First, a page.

*A Big Change
When my husband and I relocated to a new area for his job, I had to change grade levels in order to work at my dream school. Jumping from 2nd grade to 5th grade was an overwhelming thought that had me in a state of panic for the majority of the summer leading up to the school year. One of the areas I knew I would need the most help in was content – specifically, social studies. I would be moving from teaching topics such as “What is a good citizen?” and “What is a community?” to teaching “Explain Lincoln’s plans for Reconstruction.” and “What does globalization look like today.” Cue a dropped jaw and sleepless nights with social studies textbooks dancing in my head.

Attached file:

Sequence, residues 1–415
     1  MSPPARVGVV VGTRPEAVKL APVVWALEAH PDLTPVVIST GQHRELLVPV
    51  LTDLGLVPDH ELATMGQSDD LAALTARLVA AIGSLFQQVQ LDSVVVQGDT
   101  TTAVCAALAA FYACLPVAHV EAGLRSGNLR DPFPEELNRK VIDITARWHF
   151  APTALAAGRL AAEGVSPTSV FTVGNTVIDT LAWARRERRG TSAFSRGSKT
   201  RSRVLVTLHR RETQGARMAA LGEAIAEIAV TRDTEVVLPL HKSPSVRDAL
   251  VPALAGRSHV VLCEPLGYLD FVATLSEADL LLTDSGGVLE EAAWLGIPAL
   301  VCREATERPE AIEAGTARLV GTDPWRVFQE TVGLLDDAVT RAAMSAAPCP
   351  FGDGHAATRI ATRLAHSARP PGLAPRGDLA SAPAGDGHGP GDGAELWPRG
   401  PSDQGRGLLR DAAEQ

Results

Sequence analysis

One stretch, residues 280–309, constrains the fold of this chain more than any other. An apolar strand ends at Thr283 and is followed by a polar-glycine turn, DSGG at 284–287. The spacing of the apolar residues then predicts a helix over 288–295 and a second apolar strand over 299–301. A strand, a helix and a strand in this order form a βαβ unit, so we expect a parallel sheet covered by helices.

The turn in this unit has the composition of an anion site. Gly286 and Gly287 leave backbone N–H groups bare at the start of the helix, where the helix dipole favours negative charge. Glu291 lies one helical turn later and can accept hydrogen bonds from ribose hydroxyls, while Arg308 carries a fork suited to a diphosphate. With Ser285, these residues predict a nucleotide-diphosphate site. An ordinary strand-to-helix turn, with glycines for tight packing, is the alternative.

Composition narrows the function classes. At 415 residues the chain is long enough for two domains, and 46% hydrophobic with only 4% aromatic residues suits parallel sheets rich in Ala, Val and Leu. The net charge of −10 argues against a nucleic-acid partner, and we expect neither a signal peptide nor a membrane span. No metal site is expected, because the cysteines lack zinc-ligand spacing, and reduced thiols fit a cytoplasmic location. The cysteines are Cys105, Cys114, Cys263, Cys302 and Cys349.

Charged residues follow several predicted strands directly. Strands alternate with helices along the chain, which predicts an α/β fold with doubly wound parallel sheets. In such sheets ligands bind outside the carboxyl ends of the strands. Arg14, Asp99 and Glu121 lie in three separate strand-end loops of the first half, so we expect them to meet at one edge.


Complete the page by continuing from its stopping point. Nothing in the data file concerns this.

*Learning to Love History
I’ll be honest…I never loved social studies class growing up. History did not really interest me. Remembering dates was not my thing, so I never felt like I had a really good grasp on things. However, one of the things that I most passionately believe to be true about teaching is that your students grow to love what you love. An enthusiastic teacher can engage students with the most boring lesson about pencil shavings if they have the right attitude and passion. I knew I needed to find a way to at least like social studies so that I could teach my students more passionately.